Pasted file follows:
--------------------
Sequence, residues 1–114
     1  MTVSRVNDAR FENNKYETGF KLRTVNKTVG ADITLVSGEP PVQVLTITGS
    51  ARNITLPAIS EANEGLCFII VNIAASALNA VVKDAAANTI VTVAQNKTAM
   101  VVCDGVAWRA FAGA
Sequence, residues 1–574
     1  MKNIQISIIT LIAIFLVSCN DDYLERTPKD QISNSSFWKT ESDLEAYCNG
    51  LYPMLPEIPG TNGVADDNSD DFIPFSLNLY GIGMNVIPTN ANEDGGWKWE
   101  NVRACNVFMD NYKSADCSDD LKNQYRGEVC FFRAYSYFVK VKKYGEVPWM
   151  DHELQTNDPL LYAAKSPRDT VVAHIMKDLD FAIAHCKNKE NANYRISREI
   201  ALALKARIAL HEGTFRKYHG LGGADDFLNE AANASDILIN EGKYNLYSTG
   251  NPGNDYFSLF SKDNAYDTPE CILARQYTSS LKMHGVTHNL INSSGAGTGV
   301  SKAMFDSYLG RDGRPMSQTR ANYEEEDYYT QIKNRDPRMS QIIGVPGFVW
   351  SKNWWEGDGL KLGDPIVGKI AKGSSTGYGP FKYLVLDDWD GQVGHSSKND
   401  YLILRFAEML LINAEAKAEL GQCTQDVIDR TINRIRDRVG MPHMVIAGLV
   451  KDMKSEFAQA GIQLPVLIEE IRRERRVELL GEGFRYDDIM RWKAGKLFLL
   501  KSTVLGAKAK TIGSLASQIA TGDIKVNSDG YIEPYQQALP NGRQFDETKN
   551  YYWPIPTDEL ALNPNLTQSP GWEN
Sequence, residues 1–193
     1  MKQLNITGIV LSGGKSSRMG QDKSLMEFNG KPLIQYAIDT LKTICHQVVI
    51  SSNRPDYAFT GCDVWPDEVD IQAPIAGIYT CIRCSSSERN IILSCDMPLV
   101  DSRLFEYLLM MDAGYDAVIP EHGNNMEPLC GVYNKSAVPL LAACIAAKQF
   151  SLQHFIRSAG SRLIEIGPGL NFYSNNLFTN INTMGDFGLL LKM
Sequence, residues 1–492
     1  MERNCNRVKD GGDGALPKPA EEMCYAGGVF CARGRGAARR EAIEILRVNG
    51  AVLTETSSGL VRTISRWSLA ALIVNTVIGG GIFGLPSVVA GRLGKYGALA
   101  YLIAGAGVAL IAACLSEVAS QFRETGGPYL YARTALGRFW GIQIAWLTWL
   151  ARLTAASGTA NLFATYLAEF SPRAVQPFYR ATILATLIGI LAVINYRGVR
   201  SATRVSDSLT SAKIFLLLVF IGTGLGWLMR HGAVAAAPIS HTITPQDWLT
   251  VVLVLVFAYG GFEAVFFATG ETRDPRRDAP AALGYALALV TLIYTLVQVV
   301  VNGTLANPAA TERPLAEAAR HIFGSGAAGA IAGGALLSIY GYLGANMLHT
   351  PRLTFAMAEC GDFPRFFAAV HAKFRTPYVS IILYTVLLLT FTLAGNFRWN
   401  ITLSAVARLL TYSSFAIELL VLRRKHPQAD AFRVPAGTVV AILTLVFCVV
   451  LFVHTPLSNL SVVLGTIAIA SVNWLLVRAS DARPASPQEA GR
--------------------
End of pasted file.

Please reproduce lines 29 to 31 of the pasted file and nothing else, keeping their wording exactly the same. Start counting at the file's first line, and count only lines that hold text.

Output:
   251  VVLVLVFAYG GFEAVFFATG ETRDPRRDAP AALGYALALV TLIYTLVQVV
   301  VNGTLANPAA TERPLAEAAR HIFGSGAAGA IAGGALLSIY GYLGANMLHT
   351  PRLTFAMAEC GDFPRFFAAV HAKFRTPYVS IILYTVLLLT FTLAGNFRWN